Note: My point here, and elsewhere, on my blog and in my work, is to present information in as truthful a manner as I can, in order to raise questions and, hence, awareness. The truth is that there are more than ways than one to look at issues. Blindly accepting points of view only serves […]Read more "Thinking About Rice in America: The Black Rice Theory – Mysteries, Myths, and Misconceptions"
(Due to a foul up with WordPress and dates, this post appeared on December 30. I was not finished with it yet! But now I am!) Black-eyed peas, a gift to the New World from Africa. These beans were there as early as 1659 at St. Louis, now present-day Senegal, but they actually originated in North Africa, in […]Read more "Hoppin’ John, or Dashing Myths Galore"
Like most of you (I hope), I have been cooking from Julie Sahni’s cookbooks for years. I learned to feel utterly confident that Ms. Sahni’s recipes really work and come close to what people from India know about good food. One weekend my husband’s office held a pot-luck at a colleague’s house. Feeling assured that […]Read more "Julie Sahni -Talk About Great Indian Food!"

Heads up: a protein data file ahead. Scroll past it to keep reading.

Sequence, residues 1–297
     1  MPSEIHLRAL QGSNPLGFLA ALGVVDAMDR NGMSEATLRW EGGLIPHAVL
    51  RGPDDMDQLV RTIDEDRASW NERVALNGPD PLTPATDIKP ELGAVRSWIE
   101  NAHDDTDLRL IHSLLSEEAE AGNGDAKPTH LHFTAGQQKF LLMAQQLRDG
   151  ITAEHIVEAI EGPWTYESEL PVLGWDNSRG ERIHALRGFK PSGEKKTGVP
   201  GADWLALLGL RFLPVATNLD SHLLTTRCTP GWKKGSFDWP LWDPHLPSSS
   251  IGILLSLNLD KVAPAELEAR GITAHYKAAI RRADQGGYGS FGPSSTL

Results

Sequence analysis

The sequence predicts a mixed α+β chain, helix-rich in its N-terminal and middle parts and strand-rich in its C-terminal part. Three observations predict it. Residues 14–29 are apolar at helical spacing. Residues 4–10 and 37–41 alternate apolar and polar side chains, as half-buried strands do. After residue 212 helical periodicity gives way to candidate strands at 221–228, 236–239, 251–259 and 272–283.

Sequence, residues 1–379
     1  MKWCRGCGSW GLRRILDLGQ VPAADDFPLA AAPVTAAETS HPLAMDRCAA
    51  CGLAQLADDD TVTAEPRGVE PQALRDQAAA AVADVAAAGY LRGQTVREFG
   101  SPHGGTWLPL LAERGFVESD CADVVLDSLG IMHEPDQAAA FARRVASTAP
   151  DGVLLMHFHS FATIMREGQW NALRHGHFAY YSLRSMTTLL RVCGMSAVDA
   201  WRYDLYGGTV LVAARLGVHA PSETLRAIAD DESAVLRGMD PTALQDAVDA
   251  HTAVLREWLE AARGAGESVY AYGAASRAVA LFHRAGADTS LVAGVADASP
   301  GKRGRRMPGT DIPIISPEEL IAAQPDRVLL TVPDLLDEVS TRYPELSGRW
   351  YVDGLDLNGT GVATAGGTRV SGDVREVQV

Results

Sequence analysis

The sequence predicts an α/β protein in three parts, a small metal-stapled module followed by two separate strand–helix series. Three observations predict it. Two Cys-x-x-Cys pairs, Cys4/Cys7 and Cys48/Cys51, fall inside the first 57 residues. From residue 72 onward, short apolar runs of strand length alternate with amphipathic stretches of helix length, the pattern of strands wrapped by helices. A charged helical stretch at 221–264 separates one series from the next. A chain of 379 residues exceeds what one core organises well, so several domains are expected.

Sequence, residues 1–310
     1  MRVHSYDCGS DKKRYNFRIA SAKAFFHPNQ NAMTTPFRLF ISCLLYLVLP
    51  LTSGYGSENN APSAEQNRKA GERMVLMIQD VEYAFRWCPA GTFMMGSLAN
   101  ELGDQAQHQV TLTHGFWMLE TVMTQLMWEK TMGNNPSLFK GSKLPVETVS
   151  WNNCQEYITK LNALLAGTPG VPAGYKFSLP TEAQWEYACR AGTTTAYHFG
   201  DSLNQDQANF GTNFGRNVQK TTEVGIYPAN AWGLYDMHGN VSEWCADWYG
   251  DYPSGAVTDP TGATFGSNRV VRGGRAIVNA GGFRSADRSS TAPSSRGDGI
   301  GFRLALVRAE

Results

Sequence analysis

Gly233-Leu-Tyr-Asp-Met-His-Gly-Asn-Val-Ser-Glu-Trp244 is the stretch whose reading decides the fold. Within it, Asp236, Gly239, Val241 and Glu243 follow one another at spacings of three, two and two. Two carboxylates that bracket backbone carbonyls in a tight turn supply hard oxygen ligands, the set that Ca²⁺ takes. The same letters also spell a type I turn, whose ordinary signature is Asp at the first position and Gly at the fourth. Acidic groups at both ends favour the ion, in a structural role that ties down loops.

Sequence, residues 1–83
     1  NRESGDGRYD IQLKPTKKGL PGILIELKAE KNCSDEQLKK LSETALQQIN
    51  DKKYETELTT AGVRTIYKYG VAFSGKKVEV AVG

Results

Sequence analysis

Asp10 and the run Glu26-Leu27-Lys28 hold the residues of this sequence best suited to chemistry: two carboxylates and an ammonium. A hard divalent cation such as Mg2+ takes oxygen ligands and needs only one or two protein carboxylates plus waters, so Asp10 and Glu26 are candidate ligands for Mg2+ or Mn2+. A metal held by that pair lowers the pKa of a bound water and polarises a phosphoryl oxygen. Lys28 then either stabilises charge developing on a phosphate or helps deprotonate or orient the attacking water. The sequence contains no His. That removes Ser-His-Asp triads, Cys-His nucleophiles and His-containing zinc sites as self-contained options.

[A photograph, and nothing more, for silent contemplation. See also “India Asks, Should Food be a Right for the Poor?”]Read more "Idylls of Cuisine, #74"
Once used as money instead of gold in Don Quixote’s Spain, saffron costs upwards of $1000 US per pound. Indeed, the world’s costliest spice. Most likely you will not have ever seen saffron for sale in your local grocery’s spice department. Knowledgeable customers ask the store managers for it; they keep it behind the counter, […]Read more "Saffron: The Gold We Eat"